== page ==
In lieu of an abstract, here is a brief excerpt of the content:

  • Kathryn Stockett’s Postmodern First Novel
  • Pearl McHaney (bio)

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Pleasure and anger are dependent on one another for heightened authenticity. But we should not stop there; we should not settle for indifference as is demonstrated by our silent acquiescence. Discussing The Help with delight and outrage seems just the right action. Artist Kara Walker often incorporates tensions in her work such as those described by McHaney.

Excavated from the Black Heart of a Negress © 2002, by Kara Walker, cut paper on wall, installation dimensions variable, approximately 156" × 1,188", courtesy of Sikkema Jenkins & Co.

Kathryn Stockett’s first novel The Help, published in 2009, seemed destined for bestseller status. Janet Maslin, in a review for the New York Times, called it a “button-pushing, soon to be wildly popular novel,” and indeed, it stayed on the Times bestseller list for more than 100 weeks. The Sunday Times (UK) christened the novel “the other side of Gone With the Wind.” Soon, Stockett’s story was translated into Arabic, Dutch, French, German, Korean, Portuguese, Spanish, and after the film premiered in 2011, it was published in many additional languages and editions. The film adaptation not only made visual the visceral experiences of Stockett’s characters, but also created a firestorm of comments—often virulent, often without critical acuity, and often by non-readers. New, frequently one-sided debates and challenges were launched.1

The Help has garnered so much attention that many readers (and some scholars) have lost objectivity in their analyses. Two contextual stances provide grounding for this essay’s interrogation: first, a brief description of an academic panel held one year after Stockett’s novel was published, and second, the positions of various authorities, including author Toni Morrison and visual artist Kara Walker, regarding the challenges of reading race in fiction, and historians Vanessa May and Rebecca Sharpless for historical perspectives on domestic help. These preparatory references assist in considering The Help as a first novel—a species of fiction bearing both innocence and expected errors. More sophisticatedly, in the ken of a novel such as E. L. Doctorow’s Ragtime, The Help may be understood as a postmodern historical novel as defined by Amy Elias in Sublime Desire: History and Post-1960s Fiction and as a poioumenon-novel as described by genre theorist Alistair Fowler. The Help deserves such serious contemplation and speculation as Stockett’s postmodern, first novel.2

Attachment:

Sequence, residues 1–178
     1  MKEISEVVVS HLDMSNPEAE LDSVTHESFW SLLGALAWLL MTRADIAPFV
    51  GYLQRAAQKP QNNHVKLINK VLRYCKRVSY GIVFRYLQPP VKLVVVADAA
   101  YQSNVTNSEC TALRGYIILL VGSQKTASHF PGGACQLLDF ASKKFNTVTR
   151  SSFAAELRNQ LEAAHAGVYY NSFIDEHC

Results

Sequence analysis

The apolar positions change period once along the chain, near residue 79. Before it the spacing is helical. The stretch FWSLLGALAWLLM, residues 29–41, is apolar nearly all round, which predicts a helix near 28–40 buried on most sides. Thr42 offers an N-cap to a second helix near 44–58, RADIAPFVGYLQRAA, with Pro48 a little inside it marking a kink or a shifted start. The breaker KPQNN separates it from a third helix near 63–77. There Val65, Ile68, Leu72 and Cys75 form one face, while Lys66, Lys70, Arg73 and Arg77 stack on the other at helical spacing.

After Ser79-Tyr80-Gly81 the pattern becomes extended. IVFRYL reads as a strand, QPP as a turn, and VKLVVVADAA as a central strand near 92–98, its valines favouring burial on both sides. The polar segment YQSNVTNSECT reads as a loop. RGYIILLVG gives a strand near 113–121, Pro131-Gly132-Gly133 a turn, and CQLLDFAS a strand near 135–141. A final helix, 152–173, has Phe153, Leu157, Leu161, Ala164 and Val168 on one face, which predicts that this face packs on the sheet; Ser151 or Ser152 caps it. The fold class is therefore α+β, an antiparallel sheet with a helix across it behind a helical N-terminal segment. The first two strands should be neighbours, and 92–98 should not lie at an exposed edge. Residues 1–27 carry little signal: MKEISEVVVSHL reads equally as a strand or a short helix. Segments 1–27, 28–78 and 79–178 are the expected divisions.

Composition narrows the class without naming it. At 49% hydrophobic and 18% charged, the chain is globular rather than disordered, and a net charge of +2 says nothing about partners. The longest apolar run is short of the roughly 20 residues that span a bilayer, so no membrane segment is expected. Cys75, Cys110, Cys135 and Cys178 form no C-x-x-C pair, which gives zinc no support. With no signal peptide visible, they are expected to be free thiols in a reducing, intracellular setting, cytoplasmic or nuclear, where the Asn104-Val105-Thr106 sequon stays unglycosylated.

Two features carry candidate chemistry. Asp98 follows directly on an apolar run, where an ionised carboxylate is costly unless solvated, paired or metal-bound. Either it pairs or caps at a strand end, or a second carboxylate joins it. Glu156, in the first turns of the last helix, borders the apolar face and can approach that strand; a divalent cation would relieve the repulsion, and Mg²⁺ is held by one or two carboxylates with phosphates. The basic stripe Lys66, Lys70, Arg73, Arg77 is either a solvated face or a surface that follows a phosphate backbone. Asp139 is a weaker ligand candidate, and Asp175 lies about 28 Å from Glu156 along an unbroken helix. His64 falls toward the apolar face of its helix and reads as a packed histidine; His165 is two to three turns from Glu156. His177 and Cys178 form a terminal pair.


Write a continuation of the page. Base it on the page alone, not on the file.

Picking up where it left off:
Beginning the Conversations

A year after The Help was published, I included the novel in my graduate seminar on Southern Literature at Georgia State University. I wished to encourage critical discussions of this bestseller before too much time had passed, as in the forty-year span prior to when the academy struck up conversations about that other incredible bestseller Gone With the Wind. My students read the long, romanticized historical fiction with excitement (because it was au courant) and skepticism (because it was a bestseller and they, after all, were up-and-coming literary theorists). One of the students even developed a call for papers, “Rescuing Kathryn Stockett’s The Help from the Bestseller List,” for the fall 2010 South Atlantic Modern Language Association meeting. The resulting panel addressed the novel’s perpetuation and/or undermining of stereotypes, its popular genre characteristics, and representations of the female body and was a good beginning for turning critical attention to Stockett’s novel. But as the semester was ending, the students began sending me trailers for the movie adaptation of The Help. Attention shifted and new debates emerged.3


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[Kara] Walker speaks of “projecting fictions into” the “facts” a conceptual practice that I find to be particularly at work in experiencing The Help and in engaging in its examination.

Gone, An Historical Romance of a Civil War as it Occurred between the Dusky Thighs of One Young Negress and Her Heart © 1994, by Kara Walker, cut paper on wall, installation dimensions variable, approximately 180” × 600", courtesy of Sikkema Jenkins & Co.

Four authorities provide further context for considering The Help as a postmodern first novel. Toni Morrison, only the second American female Nobel Laureate of Literature (after Pearl...

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Additional Information

ISSN
1534-1488
Print ISSN
1068-8218
Pages
pp. 77-92
Launched on MUSE
2014-02-08
Open Access
No
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